As investors punish the stock prices of Ford (NYSE: F) and GM (NYSE: GM), their valuations are plummeting, making them ripe for a buy-out. Tesla just posted a tremendous Q1 delivery report, and if he can stump up the cash, Elon Musk would be the perfect man to take over and turn manufacturing around in Detroit.
Times are tough for most manufacturing businesses, as nationwide shelter-in-place orders restrict consumer activity. One of the most dramatic effects of coronavirus is exposing those companies that are most exposed to a sudden drop in consumer activity.
Both GM and Ford are dealing with high debt burdens, and their shaky business structures have resulted in a crash in their stock prices. Combined, their overall valuations are down to just $32 billion.
Tesla (NASDAQ: TSLA) saw its market cap reach $80 billion on Thursday, as huge delivery orders for Q1 appear to have supercharged the bulls.
Sharply contrasting with Tesla’s strong performance, General Motors saw a 4% drop in Q1, while Ford Motor Company posted an eye-watering 14% collapse in sales.
Elon Musk shouldn’t buy these Detroit giants simply because they are cheap; he should buy them because they would be very beneficial to Tesla.
Firstly, by buying both Ford and GM Musk could consume two of his biggest competitors in the truck and SUV space.
Because of the cult following for the Mustang and Hummer brands, an electric hummer and the Ford Mustang Mach-E and electric F-150 are prime competition for Tesla.
Early signs have been seen that the critical truck-buying southern regions have not been entirely won over by the Cybertruck, but Musk will sell as many as he can make anyway.
Not only would Tesla be able to benefit from the move into electric cars that it pioneered, the company would also be able to consolidate resources. Ford and General Motors will have a war room of manufacturing capacity in place ready to make their new and existing EV fleet.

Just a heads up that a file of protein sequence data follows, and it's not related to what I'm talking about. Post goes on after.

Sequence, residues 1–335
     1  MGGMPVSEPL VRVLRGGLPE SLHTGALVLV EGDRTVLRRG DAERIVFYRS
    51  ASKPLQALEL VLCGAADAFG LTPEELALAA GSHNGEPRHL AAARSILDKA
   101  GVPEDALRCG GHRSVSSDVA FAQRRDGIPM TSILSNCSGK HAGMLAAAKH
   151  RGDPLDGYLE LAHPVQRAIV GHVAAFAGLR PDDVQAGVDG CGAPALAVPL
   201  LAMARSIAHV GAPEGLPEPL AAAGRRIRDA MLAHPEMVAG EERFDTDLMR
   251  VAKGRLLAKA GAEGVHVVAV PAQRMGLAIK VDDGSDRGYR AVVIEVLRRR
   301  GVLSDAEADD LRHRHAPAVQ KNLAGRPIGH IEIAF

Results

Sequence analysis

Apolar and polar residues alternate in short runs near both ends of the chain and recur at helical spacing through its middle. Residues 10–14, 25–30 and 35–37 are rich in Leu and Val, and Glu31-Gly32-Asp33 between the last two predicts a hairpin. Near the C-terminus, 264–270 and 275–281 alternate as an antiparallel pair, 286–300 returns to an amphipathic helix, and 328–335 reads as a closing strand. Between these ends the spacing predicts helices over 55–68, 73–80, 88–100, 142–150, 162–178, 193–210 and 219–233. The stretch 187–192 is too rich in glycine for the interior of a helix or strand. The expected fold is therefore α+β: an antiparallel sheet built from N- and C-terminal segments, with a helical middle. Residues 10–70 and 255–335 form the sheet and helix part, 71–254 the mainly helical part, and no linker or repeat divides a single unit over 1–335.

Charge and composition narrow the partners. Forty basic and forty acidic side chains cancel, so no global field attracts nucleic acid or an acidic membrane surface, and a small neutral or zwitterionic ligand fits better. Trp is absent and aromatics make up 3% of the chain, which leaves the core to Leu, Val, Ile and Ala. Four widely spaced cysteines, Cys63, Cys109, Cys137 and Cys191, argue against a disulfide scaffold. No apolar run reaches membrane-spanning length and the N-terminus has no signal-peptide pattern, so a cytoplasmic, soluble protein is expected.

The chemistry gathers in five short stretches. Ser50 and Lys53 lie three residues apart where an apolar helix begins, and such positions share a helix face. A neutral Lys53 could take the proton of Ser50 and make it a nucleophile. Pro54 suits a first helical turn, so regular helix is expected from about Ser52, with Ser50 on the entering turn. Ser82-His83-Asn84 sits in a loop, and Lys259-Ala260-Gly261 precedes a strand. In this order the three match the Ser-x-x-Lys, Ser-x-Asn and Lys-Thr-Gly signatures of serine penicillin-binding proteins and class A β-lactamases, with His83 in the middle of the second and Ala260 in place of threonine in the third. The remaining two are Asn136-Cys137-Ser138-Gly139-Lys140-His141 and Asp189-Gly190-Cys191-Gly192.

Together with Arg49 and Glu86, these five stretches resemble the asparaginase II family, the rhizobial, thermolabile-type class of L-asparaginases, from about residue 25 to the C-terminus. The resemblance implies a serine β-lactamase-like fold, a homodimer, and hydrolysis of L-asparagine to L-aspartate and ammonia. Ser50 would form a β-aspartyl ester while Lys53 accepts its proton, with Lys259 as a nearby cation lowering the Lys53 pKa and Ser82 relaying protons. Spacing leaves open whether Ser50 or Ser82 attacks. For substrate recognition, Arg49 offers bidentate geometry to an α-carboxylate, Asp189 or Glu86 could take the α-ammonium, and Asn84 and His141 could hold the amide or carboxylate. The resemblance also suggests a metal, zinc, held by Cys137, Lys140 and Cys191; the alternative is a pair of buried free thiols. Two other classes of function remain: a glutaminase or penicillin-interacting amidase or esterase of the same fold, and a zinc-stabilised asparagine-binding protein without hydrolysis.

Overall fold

Building Gigafactories is excellent, but it might be helpful and cost-effective to adapt some existing infrastructure to speed up the process.
Beyond the manufacturing side of the business, the housing market in Detroit is unbelievably cheap.
Housing prices are exceptionally low compared to the West coast. If Tesla made the “Motor City” into a “Gigatown,” it could ease salary burdens as well as making it desirable for its army of millennial employees to move to the city to purchase a home — something most are not able to do in California.
Elon Musk could purchase the heart of America’s once-great manufacturing sector at a considerable discount. He’d be buying the dip in Detroit and, at the same time, clear out a couple of irritating thorns in the side of his Tesla brand.
Musk has been a major player in contributing to the decline of the combustion engine industry, and now he can take Ford and GM’s tremendous following and combine them with Tesla’s.
The car business is a tough one of low margins and high competition, hence mergers are very common.
An electric Hummer or Ford F-150 with a ‘supercharged by Tesla’ logo on the back? I’ll take two of each.
Disclaimer: The opinions expressed in this article do not necessarily reflect the views of CCN.com.